FD-PBV maps had excellent sensitivity for the detection of any CT CBV deficit and as well as CT CBV deficits involving greater than one-third of a vascular territory. However, the specificity of FD-PBV maps was lacking. PBV maps sometimes demonstrated deficits that were not present on conventional CBV maps. PBV maps frequently overestimated the volume of existing CBV deficits mapped on conventional CT CBV (figures 2, 3, 5). These false positives were particularly prevalent in patients with LVO.
There are several potential causes for the overestimation of CBV deficits. First, due to the prospective design in which subjects were used as their own controls, patients underwent conventional scans first within the context of clinical care, followed by the FD-PBV scans. It is conceivable that during the time interval between these scans progression of the infarct (and corresponding CBV deficit) could have occurred. This did not appear to be the case in the present study, as analysis of the data demonstrated no correlation between the time interval between scans and degree of PBV deficit overestimation. Second, as the FD-PBV estimate of CBV relies on complete saturation of the parenchymal blood pool with contrast, it is likely that in many cases parenchymal imaging was initiated too early. In the current protocol, FD-PBV imaging is triggered by the first appearance of contrast within the jugular veins—an endpoint indicative of blood volume saturation within normally perfused vascular territories. In the present study, FD-PBV imaging was typically initiated between 18 and 22 s after the start of the contrast bolus. In patients with LVOs, parenchymal territories perfused indirectly (via leptomeningeal collaterals) could still be in the early stages of enhancement while normally perfused areas of brain had progressed into the venous phase. If parenchymal imaging were initiated at this stage, PBV could appear falsely depressed in these regions of brain with delayed perfusion and late saturation of the PBV (figure 3). Such a discrepancy could be further exaggerated in the presence of poor cardiac output or any other hemodynamic parameter that resulted in globally reduced cerebral perfusion (figure 5). It is likely that an extension of the contrast bolus and a commensurate increase in the delay before the inception of parenchymal imaging will allow for complete saturation of the blood pool in both normal and hypoperfused parenchyma in patients with LVO. This could improve the specificity of the FD-PBV technique for the detection of conventional CBV deficits.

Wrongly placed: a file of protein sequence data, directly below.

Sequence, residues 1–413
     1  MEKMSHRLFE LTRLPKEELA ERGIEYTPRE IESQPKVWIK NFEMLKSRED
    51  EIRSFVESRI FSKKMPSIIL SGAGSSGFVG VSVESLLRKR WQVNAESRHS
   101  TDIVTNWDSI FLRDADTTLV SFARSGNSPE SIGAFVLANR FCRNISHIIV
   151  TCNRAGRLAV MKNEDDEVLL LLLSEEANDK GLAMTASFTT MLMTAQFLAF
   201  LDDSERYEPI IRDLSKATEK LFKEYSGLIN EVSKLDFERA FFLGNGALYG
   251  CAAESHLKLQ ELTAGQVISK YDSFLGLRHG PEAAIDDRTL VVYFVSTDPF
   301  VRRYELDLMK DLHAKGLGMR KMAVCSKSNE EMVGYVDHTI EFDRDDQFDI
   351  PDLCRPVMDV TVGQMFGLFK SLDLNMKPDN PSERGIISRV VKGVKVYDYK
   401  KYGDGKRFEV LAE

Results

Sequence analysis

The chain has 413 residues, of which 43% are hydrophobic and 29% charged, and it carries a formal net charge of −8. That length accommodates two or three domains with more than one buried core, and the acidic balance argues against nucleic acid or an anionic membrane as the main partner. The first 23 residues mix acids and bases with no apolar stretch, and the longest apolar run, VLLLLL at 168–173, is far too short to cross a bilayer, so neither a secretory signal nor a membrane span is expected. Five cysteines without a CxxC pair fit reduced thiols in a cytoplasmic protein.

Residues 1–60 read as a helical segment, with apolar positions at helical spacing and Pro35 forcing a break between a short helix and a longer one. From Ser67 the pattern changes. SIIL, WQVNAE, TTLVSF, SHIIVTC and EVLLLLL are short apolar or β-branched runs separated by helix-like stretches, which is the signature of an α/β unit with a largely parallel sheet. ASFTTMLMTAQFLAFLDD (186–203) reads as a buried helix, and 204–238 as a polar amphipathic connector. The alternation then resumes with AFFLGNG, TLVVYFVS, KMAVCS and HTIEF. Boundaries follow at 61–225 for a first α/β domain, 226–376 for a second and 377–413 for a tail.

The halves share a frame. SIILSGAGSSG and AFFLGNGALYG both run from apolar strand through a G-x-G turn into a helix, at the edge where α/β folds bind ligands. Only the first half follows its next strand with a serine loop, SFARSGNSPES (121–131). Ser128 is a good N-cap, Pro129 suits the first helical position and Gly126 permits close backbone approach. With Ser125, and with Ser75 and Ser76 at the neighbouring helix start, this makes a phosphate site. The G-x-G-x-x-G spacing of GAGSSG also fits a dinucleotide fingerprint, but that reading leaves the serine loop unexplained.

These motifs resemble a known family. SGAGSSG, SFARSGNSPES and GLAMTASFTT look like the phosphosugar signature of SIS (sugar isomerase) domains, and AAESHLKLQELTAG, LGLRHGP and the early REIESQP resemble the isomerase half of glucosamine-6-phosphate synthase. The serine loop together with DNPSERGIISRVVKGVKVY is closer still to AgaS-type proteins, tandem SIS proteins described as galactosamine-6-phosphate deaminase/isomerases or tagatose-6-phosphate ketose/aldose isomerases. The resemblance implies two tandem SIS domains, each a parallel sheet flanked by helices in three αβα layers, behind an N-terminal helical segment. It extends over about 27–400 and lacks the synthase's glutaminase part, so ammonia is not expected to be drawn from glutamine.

Struffert et al15 ,16 compared FD-PBV maps with CBV maps generated using conventional CTP techniques and reported excellent agreement between the two techniques. However, the prior studies only included a handful (two of 25) of patients with LVOs—the remainder had intracranial or extracranial stenoses or aneurysms. Thus most subjects in the cohort studied did not have the circuitous patterns of perfusion observed in AIS patients with intracranial LVOs. For this reason, the potential for overestimation of PBV created by this physiology was not as evident. In the present study, the majority of patients had LVOs. Thus these data are more directly relevant to the application of FD-PBV for the triage of AIS patients.
There are several important limitations of the present study. First, all studies were interpreted by a single observer, a single time. As such, we have no quantification of inter- or intraobserver variability. Second, while some investigators have concluded that deficits on CBV maps correspond to infarct core, this concept remains controversial. The present investigation was designed to assess the correlation between FD-PBV maps and conventional CT generated CBV maps rather than to validate CBV maps as a measure of core infarct.17–19 ,25 ,26
In conclusion, it is feasible to generate FD-PBV maps within the context of routine clinical practice. The maps can be created with similar contrast and radiation exposure as those generated using conventional CT imaging techniques. The PBV technique requires that the entire CBV be saturated with contrast prior to the initiation of imaging. If parenchymal imaging is initiated too early, PBV maps will overestimate the volume and severity of CBV deficits derived from conventional CT datasets analyzed using deconvolution based software.
Contributors All authors have made substantial contributions to conception and design, acquisition of the data, or analysis and interpretation of the data.
Funding This research was supported by a grant from Siemens Medical Imaging.
Competing interests None.
Ethics approval The study was approved by the local institutional review boards.
Provenance and peer review Not commissioned; externally peer reviewed.